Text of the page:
Newsletters have been around pretty much since the dawn of online conversation. However, they shouldn’t be overlooked in a well-rounded set of communications for your new place on the web. Although not strictly content on your website itself, newsletters are a terrific way of announcing upcoming events or interviews, or rounding up the best bits from the last month. At the very least, it’s just another way of keeping in touch with your audience and reminding them why they should keep coming back.
Comments Are Dead
This one is a cautionary tale. If you’re used to how interaction works on social media, you may think that allowing comments on your website is the way to go. Don’t be fooled. If you think the odd wild comment on Instagram is a lot to deal with, then allowing comments on your blog posts, infographics, podcasts, or vlogs will simply open a firehose you probably don’t want to deal with. There are much better ways of introducing community involvement than simply turning on comments—social media, a dedicated WhatsApp group, or even live events are all much more beneficial ways of interacting with your audience. Keep yourself sane!
All the Kit and Caboodle
Invest in the right gear. Image via Golubovy.
Getting started has never been easier. However, whether you go with a templating platform such as WordPress or Squarespace or press ahead with some of the DIY tools we’ve already mentioned, inevitably, you’re going to need some additional kit to bring all the facets of your experience to life.
Laptop and Cell Phone
Hopefully, these are obvious! You may be able to run the whole thing from a tablet or phone, as many platforms now have feature-rich apps that allow you to upload all manner of content to your website with just one or two taps. If you’re editing a podcast or vlog, though, a laptop is probably the easier way to go.
Podcasting and vlogging are also going to need a mic. Don’t be tempted to use those built into your laptop or cell phone, as the quality is going to be subpar, and your audience isn’t going to listen for long. There are some amazing alternatives on the market, with companies such as Joby offering a comprehensive (and affordable) selection of kit for getting started.
Tripod or Selfie Stick
When traveling, a tripod or selfie stick is a good investment. Image via Flamingo Images.
Similarly, anything beyond the written word is going to need a mount for your phone and mic. If you’re thinking about vlogging, you’re probably going to want to take the show on the road, so a selfie stick or handheld tripod is a must.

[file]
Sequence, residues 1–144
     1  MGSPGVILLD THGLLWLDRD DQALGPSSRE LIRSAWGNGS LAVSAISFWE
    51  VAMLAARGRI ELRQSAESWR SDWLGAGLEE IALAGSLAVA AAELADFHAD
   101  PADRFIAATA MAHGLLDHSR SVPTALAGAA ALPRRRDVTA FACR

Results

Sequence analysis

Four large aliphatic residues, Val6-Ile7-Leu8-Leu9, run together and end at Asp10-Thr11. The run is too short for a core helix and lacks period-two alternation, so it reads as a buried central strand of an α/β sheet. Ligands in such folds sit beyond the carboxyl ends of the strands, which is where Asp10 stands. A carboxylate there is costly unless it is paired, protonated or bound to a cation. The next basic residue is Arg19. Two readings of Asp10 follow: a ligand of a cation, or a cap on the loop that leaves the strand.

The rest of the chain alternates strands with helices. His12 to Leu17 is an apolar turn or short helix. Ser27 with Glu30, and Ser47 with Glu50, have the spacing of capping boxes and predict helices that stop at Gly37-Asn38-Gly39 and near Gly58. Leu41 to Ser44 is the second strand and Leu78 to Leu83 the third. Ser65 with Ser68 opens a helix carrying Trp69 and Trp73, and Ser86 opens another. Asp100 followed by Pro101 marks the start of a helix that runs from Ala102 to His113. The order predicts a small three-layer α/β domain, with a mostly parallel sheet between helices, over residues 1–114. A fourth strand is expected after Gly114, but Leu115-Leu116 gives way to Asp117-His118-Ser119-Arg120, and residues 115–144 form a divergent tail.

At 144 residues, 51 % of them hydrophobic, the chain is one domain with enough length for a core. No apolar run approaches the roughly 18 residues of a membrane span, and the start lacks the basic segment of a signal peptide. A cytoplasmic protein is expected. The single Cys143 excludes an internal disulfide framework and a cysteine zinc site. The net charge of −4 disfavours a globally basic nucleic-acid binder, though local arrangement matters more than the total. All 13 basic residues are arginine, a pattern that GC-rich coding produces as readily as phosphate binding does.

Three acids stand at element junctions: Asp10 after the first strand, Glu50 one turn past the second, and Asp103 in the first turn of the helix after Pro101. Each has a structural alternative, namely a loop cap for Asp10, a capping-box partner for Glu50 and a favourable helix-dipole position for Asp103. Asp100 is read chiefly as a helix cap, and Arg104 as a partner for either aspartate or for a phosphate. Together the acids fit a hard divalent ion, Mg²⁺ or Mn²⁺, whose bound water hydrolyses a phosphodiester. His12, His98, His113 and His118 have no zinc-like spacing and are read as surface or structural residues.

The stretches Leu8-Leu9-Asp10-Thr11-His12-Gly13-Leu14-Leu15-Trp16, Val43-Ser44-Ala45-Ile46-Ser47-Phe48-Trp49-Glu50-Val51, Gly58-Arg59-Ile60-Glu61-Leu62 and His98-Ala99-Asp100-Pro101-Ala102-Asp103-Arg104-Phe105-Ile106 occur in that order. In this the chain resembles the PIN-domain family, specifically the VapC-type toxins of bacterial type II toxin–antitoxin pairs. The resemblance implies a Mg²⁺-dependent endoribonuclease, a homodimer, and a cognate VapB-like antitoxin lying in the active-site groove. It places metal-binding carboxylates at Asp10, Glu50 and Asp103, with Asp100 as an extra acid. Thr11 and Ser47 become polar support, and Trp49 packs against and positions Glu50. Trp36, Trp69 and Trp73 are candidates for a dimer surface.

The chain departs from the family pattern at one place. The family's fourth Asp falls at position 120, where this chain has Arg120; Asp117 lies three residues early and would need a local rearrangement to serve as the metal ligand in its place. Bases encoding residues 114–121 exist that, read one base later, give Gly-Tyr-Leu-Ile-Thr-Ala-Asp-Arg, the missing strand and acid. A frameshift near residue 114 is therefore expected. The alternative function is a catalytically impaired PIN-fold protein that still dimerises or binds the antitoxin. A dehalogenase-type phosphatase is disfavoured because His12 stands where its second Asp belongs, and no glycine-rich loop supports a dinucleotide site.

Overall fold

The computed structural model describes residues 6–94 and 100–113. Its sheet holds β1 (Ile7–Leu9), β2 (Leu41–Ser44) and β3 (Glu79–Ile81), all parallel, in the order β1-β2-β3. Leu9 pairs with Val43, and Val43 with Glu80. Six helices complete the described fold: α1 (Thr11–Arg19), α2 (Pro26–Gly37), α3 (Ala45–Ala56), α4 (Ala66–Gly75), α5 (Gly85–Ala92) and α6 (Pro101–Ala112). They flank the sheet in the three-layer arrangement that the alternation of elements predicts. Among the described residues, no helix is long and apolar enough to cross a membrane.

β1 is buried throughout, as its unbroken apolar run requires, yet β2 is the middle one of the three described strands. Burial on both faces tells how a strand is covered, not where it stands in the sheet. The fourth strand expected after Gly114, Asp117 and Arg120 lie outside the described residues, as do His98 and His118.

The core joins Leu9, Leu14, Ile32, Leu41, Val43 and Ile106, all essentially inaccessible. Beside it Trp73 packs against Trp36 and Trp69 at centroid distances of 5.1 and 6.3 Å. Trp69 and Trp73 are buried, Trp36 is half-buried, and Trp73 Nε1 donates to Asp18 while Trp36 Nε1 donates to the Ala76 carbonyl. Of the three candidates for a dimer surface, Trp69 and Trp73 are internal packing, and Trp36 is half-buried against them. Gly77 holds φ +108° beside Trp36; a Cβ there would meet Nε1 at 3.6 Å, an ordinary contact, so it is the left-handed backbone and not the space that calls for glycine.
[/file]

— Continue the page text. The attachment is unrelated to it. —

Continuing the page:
This one isn’t a necessity, but if your place on the web will host visual content, then you need to consider lighting. A ring light is likely the most versatile option as it can be used for all manner of content types—basic camera footage, interviews, photo shoots, even longer-form material. And, given their prevalence, they’re a relatively cheap option for beginners.
Show Me the Money
Pro tip: Don’t let money overshadow your audience’s experience. Image via Overearth.
Should all that effort grow into something that really catches the imagination, it may be time to think about monetization. The key here is to ensure that whatever methods you employ, income generation should never get in the way of the experience you’ve created for your audience—don’t lose the essence of what made it exceptional in the first place!
If your place on the web hosts reviews, one way you might want to generate a little income is by setting up affiliate marketing. By partnering with a company such as Amazon, you can earn a kickback every time somebody clicks on a product link that takes them to the product page on that company’s site. All companies handle their affiliate programs in different ways, so you’ll need to read up on how each one works. The key here is to be upfront about what’s happening, so your audience understands that you’re benefiting from them clicking through.
Selling Digital and Physical Products
Dependent on what type of place you’ve built on the web, it may be that you’ve always sold some kind of product or service anyway. However, for those that didn’t start this way, introducing this kind of service is another way to kick off a little extra income. If you’ve managed to build a highly-engaged and active audience, then chances are, your recommendations will matter to them. Partnering with companies that fit your niche is important here, as you’ll want to ensure you offer products and services that make sense to your audience.
Finally, for those that have the strongest relationships with their audiences, there could be an opportunity to create a membership service for all or some of your content. Many pundits, commentators, and journalists have created walled communities for their members. The key here is to ensure that you listen to your members. Give them the ability to vote on the kinds of content they’d like to read or hear, as this will increase the value of the membership and keep them engaged.
Your Place Could Be Next
Find your own personalized place on the web. Image via KeyStock.
Blogging started with humble beginnings, as a way for the everyday person to share their thoughts, opinions, and lives with a wider audience. In 2021, you’re now able to create entire personalized experiences backed by communities of engaged audiences, with some even making it their full-time jobs.
The rise of the personalized place on the web is a whole new frontier for blogging, allowing you as the content creator to provide an experience entirely unique, and therefore eminently more valuable to your audience.
If you have something to share, then there’s never been a better time to get started.
For more related articles, check these out:
60 Travel Bloggers and Photographers on Instagram to Fuel Your Wanderlust Instagram Reels vs. TikTok – Where Should You Post?A Guide to Creating High-Quality Run-and-Gun Vlog Videos7 YouTube Channels on Filmmaking, Camera Reviews, and GearA Brief Introduction to TikTok
Cover image via Overearth.
The post How to Successfully Build Your Place on the Web in 2021 appeared first on The Shutterstock Blog.
Read more: shutterstock.com